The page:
Thursday, November 21, 2013

The Goats Have Arrived and I Am Exhausted

They are here. We are the owners of two 6-week old Nigerian Dwarf doelings. I brought them home on Monday in a jury-rigged dog kennel. We let them out into the dog run, which is now officially the goat run, and run they did. They ran straight to the other side of the yard and squeezed through the 6" square gaps in the fence. Then they screamed because they were nervous and separated. Maybe you have seen that YouTube video of goats yelling like humans. I can assure you it is not dubbed.

Clementine the goat. She is small but feisty.
It took Big Sister and I thirty minutes to catch the goats. We caught one right away and used it as bait to lure the other one into the chicken coop. Since the chicken coop was the only space on our property from which they couldn't escape they had to spend the night in there. Needless to say, the chickens were not excited. In fact, most of them found alternative sleeping arrangements that night. (I found three on the roof of my house far from the screaming goats.)

Peering out at me from their dog house shelter.
At around 9:00 pm we tried giving them their first bottle. These babies had been with their mamas since birth and had never laid eyes on a baby bottle before. They did NOT want the bottles. Mr. Chanclas and I ended up with more milk on our clothes than we actually got into the goats. I felt like I needed a La Leche League leader for moral support.

Exploring the yard together
The next morning I frantically drove to the nearest Tractor Supply store to buy a roll of fencing. I had carefully researched my options and decided on a 200 foot roll of 2"x4" horse fencing made with woven wire. I was a little alarmed when the man put it into my van with a forklift. "I'm not going to be able to get that out of the van by myself, am I?" Turns out I couldn't even lift one end of it, much less maneuver it out of the van. So much for building fence by myself.  When I got home I moved on to Plan B, which was to piece together a temporary yard using old pallets, a shed roof, two cattle panels, one T-post salvaged from the trash, a lot of zip ties, and two old bungee cords. Score!

This one is really sweet and quieter than the other one.

While I was at Tractor Supply looking at the selection of goat nipples and milk replacer a nice man shopping there said to me, "You must have baby goats at home." I turned to him with a desperate look in my eye and proceeded to extract a good five minutes' worth of goat information out of him. He had raised baby goats last year but his real experience was with lambs. Thank you, Mr. Goat and Lamb Man. I hope I didn't scare you. He, like everybody else, recommended I try Pritchard nipples for feeding my goaties. I bought some. They look like this:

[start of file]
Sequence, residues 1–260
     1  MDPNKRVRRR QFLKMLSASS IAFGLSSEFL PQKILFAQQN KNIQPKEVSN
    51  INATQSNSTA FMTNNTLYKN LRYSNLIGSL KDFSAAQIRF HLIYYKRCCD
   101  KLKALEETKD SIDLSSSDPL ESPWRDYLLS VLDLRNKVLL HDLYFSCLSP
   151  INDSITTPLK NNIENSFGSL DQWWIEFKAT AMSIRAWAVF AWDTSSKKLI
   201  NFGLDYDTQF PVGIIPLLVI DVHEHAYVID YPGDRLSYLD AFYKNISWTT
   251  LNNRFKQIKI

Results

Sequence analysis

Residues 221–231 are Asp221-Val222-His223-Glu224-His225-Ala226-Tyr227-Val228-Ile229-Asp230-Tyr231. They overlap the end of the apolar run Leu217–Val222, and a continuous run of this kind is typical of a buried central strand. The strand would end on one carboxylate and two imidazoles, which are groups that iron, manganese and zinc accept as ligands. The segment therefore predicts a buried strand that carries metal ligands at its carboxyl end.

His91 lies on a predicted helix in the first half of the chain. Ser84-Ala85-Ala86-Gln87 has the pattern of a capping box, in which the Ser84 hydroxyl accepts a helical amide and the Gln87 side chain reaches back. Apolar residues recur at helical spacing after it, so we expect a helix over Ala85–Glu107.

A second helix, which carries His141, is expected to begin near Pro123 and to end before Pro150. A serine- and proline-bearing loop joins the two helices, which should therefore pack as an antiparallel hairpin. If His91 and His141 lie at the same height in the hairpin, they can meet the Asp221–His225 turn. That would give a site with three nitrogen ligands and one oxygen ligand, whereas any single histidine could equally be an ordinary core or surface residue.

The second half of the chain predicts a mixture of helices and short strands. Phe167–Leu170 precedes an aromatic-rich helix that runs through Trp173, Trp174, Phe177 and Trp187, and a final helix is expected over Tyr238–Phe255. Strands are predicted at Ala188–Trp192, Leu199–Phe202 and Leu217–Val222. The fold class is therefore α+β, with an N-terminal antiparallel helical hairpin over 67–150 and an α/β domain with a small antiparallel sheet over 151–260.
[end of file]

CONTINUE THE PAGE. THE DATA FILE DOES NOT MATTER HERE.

The Pritchard nipples are sized to screw onto an empty soda bottle. Very handy, you say. Well, we don't drink soda and apparently neither do any of my neighbors. So when evening fell I was scrambling to find a soda bottle for the 9pm goat feeding. My neighbor J said she would have her husband pick one up on his way home from work. Wonderful! At about 9:00 I was sitting in the living room talking to Mr. Chanclas when J's face popped up outside the window. (We have enormous windows and no curtains.) She had ridden her bike down the road in the dark with a soda bottle full of what appeared to be lemonade and vodka. I love my neighbors.

The goats liked the Pritchard nipple much better than the baby bottle I had tried before. Apparently goats like long, skinny nipples. Don't even get me started on that. They still aren't drinking much milk from the bottle but they are taking a little bit and they are eating hay, grain pellets, and the grass. Their poop looks normal and they are peeing so I think they are okay. Baby goats really shouldn't be weaned until at least eight weeks of age but you can make it work at six if you have to. In retrospect, I should have left them with their mamas for two more weeks. The older they are the harder it is to teach them to use a bottle.

Goat poop, also known as "nannyberries", is quite innocuous
So what are their names? We still aren't sure. The brown one seems to be Clementine and the black and brown one is generating a lot of discussion. I will report back soon with names!

2 comments:

  1. Wheeeeeeeee! It's fun from over here! ;)

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  2. Black and brown feels like a Gustaf to me.
    I remember hearing someone once tell me that if it can hold water it can hold goats.
    Seems to be a little true for your little ones.

    By the way - they are so cute! It's always a steep learning curve but it'll smooth out in no time!

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